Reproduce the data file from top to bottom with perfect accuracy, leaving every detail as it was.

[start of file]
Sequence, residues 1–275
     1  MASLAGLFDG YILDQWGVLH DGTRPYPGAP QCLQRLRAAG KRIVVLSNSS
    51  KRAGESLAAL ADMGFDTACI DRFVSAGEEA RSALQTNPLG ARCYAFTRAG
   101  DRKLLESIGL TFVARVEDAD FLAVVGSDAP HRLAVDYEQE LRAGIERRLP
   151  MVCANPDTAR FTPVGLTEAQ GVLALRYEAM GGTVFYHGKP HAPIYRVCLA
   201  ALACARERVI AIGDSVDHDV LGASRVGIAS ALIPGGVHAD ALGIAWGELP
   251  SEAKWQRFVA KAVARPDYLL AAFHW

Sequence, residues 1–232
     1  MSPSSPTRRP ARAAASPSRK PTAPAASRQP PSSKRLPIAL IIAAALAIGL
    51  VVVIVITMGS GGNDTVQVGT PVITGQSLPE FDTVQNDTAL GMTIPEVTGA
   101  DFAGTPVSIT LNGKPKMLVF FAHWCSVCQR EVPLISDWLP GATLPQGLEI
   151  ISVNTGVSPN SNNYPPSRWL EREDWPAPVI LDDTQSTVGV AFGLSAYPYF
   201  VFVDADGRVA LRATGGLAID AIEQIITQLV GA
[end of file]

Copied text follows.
Sequence, residues 1–275
     1  MASLAGLFDG YILDQWGVLH DGTRPYPGAP QCLQRLRAAG KRIVVLSNSS
    51  KRAGESLAAL ADMGFDTACI DRFVSAGEEA RSALQTNPLG ARCYAFTRAG
   101  DRKLLESIGL TFVARVEDAD FLAVVGSDAP HRLAVDYEQE LRAGIERRLP
   151  MVCANPDTAR FTPVGLTEAQ GVLALRYEAM GGTVFYHGKP HAPIYRVCLA
   201  ALACARERVI AIGDSVDHDV LGASRVGIAS ALIPGGVHAD ALGIAWGELP
   251  SEAKWQRFVA KAVARPDYLL AAFHW

Sequence, residues 1–232
     1  MSPSSPTRRP ARAAASPSRK PTAPAASRQP PSSKRLPIAL IIAAALAIGL
    51  VVVIVITMGS GGNDTVQVGT PVITGQSLPE FDTVQNDTAL GMTIPEVTGA
   101  DFAGTPVSIT LNGKPKMLVF FAHWCSVCQR EVPLISDWLP GATLPQGLEI
   151  ISVNTGVSPN SNNYPPSRWL EREDWPAPVI LDDTQSTVGV AFGLSAYPYF
   201  VFVDADGRVA LRATGGLAID AIEQIITQLV GA